“Better Human” = Not Obese!

Take a lookie at this steaming pile of Healthistic smugness:

Can Running Make Us Better Humans?

Yes, it does suggest that avid exercisers are objectively better moral humans. Yes, it does suggest that fat people, who obviously don’t run, are objectively worse moral humans.

The Tarahumara, he avers, know something that those of us living in modern western culture have forgotten: we too are Running People. It is a truth encoded in every human’s narrow pelvis, upright stance, and abundant sweat glands; in our big toes, Achilles tendon, and muscular arches; and in the joy and love we feel when running as we were born to do. Honoring this fact, McDougal contests, would move us modern folk far along the path toward healing many of our most debilitating cultural ills and obsessions, from obesity to chronic depression. Running can make us better humans. [emphasis mine]

You know what would make the author of this article an objectively better human? By not, say, putting down an entire class of people as below her based on her assumption (not even reality) that they don’t engage in an activity she holds in high esteem. There are lots of things humans have Done Throughout History that are value neutral. Just because we used to cure furs doesn’t make fur-curers better people. Just because we used to migrate on foot doesn’t make those guys that walk the Appalachian Trail better people.

Stop using fatness as a scarlet letter. For something published in a psychology magazine, I’d expect a little better (though Psychology Today publishes a lot of fat-hating articles, they have had a few pro-HAES features).

After admitting throughout the article that the author injured herself while engaging in her vaunted athletic activities, she unleashes this gem (referring to immobile, sitting, lazy Westerners who are afraid to leave their houses…sigh, I know):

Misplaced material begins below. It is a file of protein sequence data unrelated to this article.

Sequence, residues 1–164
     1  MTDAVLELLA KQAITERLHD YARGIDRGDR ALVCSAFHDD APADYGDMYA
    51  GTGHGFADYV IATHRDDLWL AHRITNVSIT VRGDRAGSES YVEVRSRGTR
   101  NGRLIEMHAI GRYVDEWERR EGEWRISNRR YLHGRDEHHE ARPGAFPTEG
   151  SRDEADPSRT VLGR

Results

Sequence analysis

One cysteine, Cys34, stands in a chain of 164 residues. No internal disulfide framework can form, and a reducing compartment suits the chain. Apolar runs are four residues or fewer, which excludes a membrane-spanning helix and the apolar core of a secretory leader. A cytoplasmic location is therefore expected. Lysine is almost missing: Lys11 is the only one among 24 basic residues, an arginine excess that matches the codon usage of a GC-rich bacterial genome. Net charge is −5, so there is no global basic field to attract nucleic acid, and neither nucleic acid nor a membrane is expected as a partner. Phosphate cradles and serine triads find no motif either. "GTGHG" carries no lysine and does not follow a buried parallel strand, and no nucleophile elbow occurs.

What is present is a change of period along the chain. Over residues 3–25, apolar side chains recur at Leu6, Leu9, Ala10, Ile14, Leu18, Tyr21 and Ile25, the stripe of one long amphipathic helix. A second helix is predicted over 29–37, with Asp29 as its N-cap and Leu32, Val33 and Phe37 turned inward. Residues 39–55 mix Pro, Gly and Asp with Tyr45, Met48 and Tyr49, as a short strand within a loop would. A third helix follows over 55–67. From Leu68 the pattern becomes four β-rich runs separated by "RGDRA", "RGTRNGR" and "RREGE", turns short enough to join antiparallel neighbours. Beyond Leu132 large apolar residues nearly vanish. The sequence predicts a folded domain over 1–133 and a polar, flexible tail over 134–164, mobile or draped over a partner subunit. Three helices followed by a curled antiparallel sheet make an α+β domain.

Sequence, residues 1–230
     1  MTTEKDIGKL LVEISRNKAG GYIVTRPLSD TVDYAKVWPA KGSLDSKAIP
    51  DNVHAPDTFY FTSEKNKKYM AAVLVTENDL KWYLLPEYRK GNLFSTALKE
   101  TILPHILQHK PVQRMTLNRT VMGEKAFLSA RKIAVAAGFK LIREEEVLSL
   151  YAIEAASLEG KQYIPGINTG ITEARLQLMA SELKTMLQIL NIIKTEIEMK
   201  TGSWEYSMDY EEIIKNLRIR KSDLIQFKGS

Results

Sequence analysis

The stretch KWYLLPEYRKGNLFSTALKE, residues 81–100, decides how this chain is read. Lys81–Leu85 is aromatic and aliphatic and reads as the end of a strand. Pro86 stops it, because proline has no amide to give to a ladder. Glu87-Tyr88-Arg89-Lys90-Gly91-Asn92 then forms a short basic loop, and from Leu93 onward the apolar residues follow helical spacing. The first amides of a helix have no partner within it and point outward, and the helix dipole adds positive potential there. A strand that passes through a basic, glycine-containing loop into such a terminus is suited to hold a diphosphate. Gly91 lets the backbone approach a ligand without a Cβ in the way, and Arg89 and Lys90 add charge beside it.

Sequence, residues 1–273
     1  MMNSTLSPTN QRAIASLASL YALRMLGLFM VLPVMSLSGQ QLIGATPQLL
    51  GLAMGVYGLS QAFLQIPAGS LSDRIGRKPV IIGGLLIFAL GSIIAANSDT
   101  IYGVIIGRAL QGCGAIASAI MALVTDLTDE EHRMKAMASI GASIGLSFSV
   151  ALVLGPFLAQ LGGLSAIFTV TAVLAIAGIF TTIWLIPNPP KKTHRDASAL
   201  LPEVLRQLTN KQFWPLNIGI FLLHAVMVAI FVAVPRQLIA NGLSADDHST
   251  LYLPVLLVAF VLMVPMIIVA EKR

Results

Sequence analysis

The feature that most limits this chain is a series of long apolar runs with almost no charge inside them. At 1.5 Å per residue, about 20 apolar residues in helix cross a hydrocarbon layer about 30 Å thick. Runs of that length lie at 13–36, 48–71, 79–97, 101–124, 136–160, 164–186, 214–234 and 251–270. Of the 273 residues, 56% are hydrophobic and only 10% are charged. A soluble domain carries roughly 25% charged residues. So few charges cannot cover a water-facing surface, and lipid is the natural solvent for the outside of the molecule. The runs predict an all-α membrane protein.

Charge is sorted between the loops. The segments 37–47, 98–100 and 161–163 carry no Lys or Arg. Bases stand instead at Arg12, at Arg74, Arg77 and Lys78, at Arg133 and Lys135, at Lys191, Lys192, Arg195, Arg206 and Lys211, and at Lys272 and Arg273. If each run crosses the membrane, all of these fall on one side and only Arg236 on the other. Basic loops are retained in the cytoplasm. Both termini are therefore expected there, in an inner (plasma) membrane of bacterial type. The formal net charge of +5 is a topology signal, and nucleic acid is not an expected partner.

Riddled with injury and illness, paralyzed by fears, and dizzy with exhaustion, our bodily selves call us to remember that where, how, and with whom we move matters.

I’ll give you two guesses as to what she means when she says “riddled with…illness” (hint: It rhymes with cat!). Also, erm, aren’t we healthier and living longer than ever before? I don’t have to worry about scurvy, scarlet fever, or dysentery (for the most part). So, whatever past the author is fetishizing, I think I’d prefer to live now, thanks though.

Otherwise, the article is just fluff –fetishization of exoticism a la Eat, Pray, Love, privilege and elitism,  rank ableism (thanks to Tehomet for pointing this out in the comments), and staggeringly broad generalizations based on zilch evidence.


6 comments on ““Better Human” = Not Obese!

  1. tehomet says:

    I agree with you that the assumptions this article makes as regards fat people suck like a hoover. Additionally, by this author’s lights, people with disabilities that affect their mobility are tarred with the same brush. What if one can’t run? What if one doesn’t have an upright stance, or has a pelvis that is different from the ‘norm’? And so on.

    So many reasons to disparage this article. Here’s another one: sheer puerility. Being able to run is the key to being a better person? Really? Not, say, compassion or intelligence or kindness or creativity or any other quality – just the ability to move (slightly) fast(er)? Wow.